FIG. 8 is a view of another screen in effect when an audio signal edit list is to be produced;
FIG. 9 is a view of another screen in effect when an audio signal edit list is to be produced;
FIG. 10 is a view of another screen in effect when an audio signal edit list is to be produced;
FIG. 11 is a view of another screen in effect when an audio signal edit list is to be produced;
FIG. 12 is a view of another screen in effect when an audio signal edit list is to be produced;
FIG. 13 is a view of a screen in effect when audio edit mode for automatic audio signal editing is selected;
FIG. 14 is a block diagram of a typical prior art composing apparatus for editing; and
FIG. 15 is a block diagram of another typical prior art composing apparatus for editing.
Described below with reference to the accompanying drawings is a composing apparatus embodying the invention for automatically editing audio signals. In contrast to the typical prior art composing apparatus made up of individual audio devices, the inventive apparatus comprises its components in an integrated manner. FIG. 5 illustrates how the apparatus looks.
The composing apparatus 1 is a lap-top type device with its body 71 including a player 2 and a recorder 3 (R-DAT each in this example). The components are hidden inside; only their slots 2a and 3a for loading cassettes therethrough are exposed. A console 4 is located at the front of the apparatus 1. In terms of structure, this console resembles the one included in FIG. 15. The console 4 has a mode key 74a used to return to the menu screen in various operating modes.
The console 4 also includes a jog dial 74b and an editing point setting key 74c. The editing point setting key 74c is a single key used to determine editing points (i.e., in-and out-points). An automatic editing key 74d is used to start batch editing as per an audio signal edit list having been completed.
An editing section determining key 74e is used to determine the editing section defined by the editing points established. Pressing the key 74e establishes a desired editing section. Tape control keys 74f include various keys (PLAY, REC, CUE, etc.) for use when the player 2 or the recorder 3 is selected.
The editing keys 74 are supplemented by numeric keys 75 and function keys 76. Unlike conventional composing apparatuses, the composing apparatus 1 has neither player-recorder changeover switches (keys 8 in FIG. 5) nor dedicated keys to select individually the operating modes for the player 2 and the recorder 3.
Inside an erectable lid 72 coupled to the body 71 is a display screen 73 of a predetermined size. The screen 73 displays an edit list, the current operating mode and other data in a graphic manner.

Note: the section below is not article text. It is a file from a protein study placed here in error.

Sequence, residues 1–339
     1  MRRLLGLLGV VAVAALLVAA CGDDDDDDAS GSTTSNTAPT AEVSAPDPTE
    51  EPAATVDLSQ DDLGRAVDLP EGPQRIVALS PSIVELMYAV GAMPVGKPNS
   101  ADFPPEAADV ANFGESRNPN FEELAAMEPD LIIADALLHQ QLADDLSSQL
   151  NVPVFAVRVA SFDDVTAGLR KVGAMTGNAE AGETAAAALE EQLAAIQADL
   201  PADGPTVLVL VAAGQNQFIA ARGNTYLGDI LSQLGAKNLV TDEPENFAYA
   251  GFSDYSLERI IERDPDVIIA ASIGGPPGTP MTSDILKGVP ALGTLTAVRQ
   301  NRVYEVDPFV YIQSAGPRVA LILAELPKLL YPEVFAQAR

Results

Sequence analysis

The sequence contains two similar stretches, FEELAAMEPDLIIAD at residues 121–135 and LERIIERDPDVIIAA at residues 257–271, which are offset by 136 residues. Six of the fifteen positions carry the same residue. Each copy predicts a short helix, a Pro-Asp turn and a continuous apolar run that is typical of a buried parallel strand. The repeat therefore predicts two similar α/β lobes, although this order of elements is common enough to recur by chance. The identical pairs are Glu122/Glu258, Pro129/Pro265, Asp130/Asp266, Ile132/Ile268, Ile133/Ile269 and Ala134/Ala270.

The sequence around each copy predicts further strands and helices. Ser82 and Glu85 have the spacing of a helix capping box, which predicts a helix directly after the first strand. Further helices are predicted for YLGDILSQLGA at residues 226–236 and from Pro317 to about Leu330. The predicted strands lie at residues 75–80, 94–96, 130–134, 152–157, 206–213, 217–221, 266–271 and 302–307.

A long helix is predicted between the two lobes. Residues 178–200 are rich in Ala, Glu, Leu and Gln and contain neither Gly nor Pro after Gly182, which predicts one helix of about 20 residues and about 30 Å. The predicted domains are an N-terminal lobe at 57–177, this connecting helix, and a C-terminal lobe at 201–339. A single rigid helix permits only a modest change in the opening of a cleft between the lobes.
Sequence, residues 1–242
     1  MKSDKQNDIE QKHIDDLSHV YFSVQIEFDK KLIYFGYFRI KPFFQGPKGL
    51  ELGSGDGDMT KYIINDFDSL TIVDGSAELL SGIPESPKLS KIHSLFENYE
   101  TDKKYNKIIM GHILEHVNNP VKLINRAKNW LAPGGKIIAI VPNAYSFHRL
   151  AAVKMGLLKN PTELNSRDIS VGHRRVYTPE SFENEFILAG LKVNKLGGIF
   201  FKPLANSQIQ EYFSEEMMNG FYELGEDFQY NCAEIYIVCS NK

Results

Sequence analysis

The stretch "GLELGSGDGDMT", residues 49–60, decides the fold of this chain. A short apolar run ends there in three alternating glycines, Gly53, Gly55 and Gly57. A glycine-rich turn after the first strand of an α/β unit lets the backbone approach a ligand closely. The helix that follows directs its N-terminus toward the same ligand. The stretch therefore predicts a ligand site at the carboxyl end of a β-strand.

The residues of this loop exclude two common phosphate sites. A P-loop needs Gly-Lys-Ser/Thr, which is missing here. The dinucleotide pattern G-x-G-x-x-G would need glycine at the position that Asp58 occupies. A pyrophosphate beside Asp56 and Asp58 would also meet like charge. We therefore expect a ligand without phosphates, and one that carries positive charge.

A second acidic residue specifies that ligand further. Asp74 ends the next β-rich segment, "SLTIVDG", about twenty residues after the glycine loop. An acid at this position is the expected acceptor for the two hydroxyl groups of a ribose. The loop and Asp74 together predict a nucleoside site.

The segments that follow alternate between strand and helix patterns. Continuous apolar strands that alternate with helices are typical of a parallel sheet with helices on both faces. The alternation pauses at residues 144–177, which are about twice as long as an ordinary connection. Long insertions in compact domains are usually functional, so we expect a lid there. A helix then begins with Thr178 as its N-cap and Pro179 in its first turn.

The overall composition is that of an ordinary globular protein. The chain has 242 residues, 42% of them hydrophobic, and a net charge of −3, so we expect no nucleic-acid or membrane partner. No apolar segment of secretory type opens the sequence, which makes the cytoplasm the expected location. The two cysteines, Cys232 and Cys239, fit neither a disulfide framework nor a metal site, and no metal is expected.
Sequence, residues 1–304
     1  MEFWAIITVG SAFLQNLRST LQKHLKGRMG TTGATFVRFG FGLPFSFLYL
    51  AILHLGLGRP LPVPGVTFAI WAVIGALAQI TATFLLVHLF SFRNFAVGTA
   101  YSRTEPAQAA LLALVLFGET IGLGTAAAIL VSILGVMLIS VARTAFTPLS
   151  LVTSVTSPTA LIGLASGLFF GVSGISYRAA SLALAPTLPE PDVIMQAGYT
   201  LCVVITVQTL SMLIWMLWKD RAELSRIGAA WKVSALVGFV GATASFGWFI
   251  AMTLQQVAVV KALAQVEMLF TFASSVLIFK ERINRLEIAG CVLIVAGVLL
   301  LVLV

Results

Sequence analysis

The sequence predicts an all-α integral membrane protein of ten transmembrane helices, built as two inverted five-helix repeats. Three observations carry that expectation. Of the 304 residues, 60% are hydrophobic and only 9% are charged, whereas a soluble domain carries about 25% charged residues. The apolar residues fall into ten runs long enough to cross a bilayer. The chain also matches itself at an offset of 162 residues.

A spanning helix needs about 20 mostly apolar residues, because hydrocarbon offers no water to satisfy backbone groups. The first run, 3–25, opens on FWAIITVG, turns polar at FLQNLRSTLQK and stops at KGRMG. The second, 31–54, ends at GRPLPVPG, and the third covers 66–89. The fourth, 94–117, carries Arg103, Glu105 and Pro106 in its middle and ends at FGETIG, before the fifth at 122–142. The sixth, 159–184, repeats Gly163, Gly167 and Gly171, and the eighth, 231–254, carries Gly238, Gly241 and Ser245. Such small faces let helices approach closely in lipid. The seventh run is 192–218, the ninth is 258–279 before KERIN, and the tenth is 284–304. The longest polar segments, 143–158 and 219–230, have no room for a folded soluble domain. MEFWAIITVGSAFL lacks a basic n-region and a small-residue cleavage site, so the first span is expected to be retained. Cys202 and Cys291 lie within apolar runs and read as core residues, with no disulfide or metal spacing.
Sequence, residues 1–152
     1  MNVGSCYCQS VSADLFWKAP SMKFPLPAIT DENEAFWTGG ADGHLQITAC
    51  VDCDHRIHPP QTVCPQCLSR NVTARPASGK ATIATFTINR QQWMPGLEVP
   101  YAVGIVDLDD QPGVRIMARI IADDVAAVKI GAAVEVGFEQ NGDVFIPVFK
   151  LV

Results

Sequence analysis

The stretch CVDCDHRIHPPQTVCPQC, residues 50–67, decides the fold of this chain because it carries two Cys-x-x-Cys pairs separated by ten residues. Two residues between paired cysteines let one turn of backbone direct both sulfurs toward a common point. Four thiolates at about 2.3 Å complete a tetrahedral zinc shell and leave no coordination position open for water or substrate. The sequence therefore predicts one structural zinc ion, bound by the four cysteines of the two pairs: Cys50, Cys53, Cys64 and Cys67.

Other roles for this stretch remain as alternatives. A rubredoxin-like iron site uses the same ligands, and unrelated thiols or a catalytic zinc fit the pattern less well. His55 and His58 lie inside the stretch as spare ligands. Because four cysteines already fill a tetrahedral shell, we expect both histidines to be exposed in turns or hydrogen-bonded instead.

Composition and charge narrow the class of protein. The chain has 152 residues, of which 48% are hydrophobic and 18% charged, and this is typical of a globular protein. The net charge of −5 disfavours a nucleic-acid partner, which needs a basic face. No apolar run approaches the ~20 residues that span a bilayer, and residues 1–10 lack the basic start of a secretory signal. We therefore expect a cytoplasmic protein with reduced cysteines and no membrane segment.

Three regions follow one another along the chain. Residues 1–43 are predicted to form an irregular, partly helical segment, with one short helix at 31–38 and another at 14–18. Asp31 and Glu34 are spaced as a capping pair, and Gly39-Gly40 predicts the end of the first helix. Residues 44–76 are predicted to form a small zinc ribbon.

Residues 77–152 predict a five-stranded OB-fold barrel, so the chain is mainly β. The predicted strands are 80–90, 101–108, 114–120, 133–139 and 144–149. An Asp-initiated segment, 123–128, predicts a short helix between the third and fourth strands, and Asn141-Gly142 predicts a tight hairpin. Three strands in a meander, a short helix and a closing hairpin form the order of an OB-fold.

As opposed to the prior art method of establishing the editing section for each cut and carrying out recording separately therein, the method according to the invention composes editing sections of a plurality of cuts into an edit list beforehand. With the edit list completed, dubbing work is carried out continuously to cover all editing sections listed.
FIG. 1 outlines typical steps that the composing apparatus 1 of the invention follows in performing editing work. The choice of the kind of operating mode determines whether the data selected by the console 4 are transmitted to the player 2 or to the recorder 3.
When the composing apparatus 1 is turned on, the operating mode processing routine 10 of FIG. 1 is activated. In FIG. 1, reference characters a through g are the labels of processes that will be described from now on. Operating the mode key 74a selects an operating mode. This provides an operating mode designation display (steps 11 and 12), causing the screen of FIG. 6 to appear.
On the screen 80 of FIG. 6, an area 82 shows graphically and numerically what the player 2 or the recorder 3 is doing. An area 83 displays the contents of an edit list also graphically and numerically. Watching the screen 80, the operator designates an operating mode with keys (step 13). The input of the operating mode is effected by use of numeric keys 75 or a shift key, not shown. The operating mode is selected from among a menu 81 of FIG. 6 containing various modes.
If the operating mode remains unchanged in step 11, i.e., if no key is operated after power-up, step 15 is reached immediately through step 14. This means that edit list producing mode is selected automatically. The operator may at once start producing an edit list (step 16). In edit list producing mode, the player 2 is controlled to produce the edit list for each cut. The contents of the edit list thus produced are displayed successively on the screen 80 (step 17).
To designate a mode other than edit list producing mode requires selecting that mode in the menu of FIG. 6. If audio edit mode is selected, audio signal editing is carried out automatically in step 18 of FIG. 1. In that case, the player 2 is placed automatically in reproducing mode and the recorder 3 in recording mode. According to the edit list, editing is carried out one cut at a time. The progress of the editing work is displayed on the screen 80 (step 19).